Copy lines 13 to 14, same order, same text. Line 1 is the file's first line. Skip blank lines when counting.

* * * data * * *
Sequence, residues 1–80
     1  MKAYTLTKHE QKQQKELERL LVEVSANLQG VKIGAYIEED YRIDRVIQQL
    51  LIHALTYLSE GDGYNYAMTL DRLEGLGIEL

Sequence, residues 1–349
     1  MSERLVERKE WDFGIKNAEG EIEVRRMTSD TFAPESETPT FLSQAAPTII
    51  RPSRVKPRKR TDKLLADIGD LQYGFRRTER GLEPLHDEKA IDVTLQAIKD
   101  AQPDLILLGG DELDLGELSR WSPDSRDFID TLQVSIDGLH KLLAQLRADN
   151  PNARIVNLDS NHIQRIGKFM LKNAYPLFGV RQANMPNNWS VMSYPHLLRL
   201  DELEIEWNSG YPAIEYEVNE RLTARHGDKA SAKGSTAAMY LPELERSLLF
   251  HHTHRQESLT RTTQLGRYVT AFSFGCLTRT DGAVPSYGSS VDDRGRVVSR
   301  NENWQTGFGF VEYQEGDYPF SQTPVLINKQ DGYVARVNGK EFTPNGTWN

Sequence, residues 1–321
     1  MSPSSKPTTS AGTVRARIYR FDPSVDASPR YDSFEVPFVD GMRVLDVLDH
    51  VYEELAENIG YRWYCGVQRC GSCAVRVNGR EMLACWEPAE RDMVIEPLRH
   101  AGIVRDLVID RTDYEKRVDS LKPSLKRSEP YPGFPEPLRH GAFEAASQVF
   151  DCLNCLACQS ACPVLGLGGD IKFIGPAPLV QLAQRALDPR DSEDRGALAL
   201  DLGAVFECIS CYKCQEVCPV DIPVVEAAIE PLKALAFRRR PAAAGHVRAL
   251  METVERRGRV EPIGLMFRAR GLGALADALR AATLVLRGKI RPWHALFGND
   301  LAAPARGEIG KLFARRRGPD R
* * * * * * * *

     1  MSPSSKPTTS AGTVRARIYR FDPSVDASPR YDSFEVPFVD GMRVLDVLDH
    51  VYEELAENIG YRWYCGVQRC GSCAVRVNGR EMLACWEPAE RDMVIEPLRH